But it kills anything it touches so do not spray it on good plants. If you spray it on lawn weeds, it will burn off the nearby grass as well.
Recipe I Use:
- one gallon of 7-10% acetic acid vinegar,
- 1 tablespoon of cheap cooking oil,
- 1 dash of soap as a spreader (important)
Note: former recipes I’ve given have included salt. This is no longer part of my recipe and in my tests, I can’t see a difference in effect on killing weeds.
- You do have to use pickling vinegar at 7% to get any decent kill – anything less than this is pretty much a waste of time in my experience.
In other words, contrary to what the Net tells you, regular household vinegar is a waste of time and doesn’t work.
You will have to vigilant using these organic sprays. The weeds, particularly perennial ones, will have lots of strength in their roots and will throw new top growth within a few short days or weeks.
As soon as they produce a new growth of leaves, you must immediately spray them again. The objective with perennial weeds such as dandelions is to force them to use all the food reserves in their roots so they don’t have the energy to produce a new leaf. Continual spraying of perennial weeds is necessary to really kill them.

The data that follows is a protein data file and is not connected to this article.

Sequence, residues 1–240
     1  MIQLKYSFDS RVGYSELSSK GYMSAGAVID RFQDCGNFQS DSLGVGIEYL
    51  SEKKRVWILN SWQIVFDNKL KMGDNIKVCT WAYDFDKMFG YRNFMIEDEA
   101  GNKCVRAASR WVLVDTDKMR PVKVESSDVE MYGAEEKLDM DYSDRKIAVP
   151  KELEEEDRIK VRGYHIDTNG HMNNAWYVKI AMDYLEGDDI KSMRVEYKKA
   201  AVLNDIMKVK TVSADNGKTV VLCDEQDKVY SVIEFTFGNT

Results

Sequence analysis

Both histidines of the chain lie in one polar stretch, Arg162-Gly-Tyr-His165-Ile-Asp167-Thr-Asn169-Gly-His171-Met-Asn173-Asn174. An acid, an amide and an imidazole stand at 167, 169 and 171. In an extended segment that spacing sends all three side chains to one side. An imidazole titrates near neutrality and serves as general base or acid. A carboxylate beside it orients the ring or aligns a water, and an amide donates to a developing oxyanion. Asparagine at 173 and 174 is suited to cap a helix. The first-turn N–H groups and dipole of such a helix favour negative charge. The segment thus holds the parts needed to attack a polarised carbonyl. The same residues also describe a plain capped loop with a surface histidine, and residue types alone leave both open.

There are a growing number of organic sprays on the market for specific problems (e.g. iron for dandelion control) I encourage you to check them out. I’ve use them and they do indeed kill dandelions (and another weed called “medic”) but no others at this point in the research.
Change the Growing Conditions
There is a body of research out there that points to some kinds of weeds or plants growing in different conditions and if you change those conditions, you’ll eliminate the weeds.
Moss in lawns is a perfect example. Moss thrives in conditions of low fertility. Once you start feeding your lawn and laying down extra grass seed, the moss tends to disappear under the pressure of too much food and competition. Raking it as well is a really good way to get this process started.
(But the complexity arrives at this point when you understand that low fertility is only one of several conditions that encourages moss growth.)
Thistles grow in this kind of soil condition, clover in this one. The reality is that it isn’t quite that simple in a mixed garden situation to eliminate one weed and leave another plant thrive. The best we can do for our gardens in a general way is to continue to add compost and try to create the best soils we can.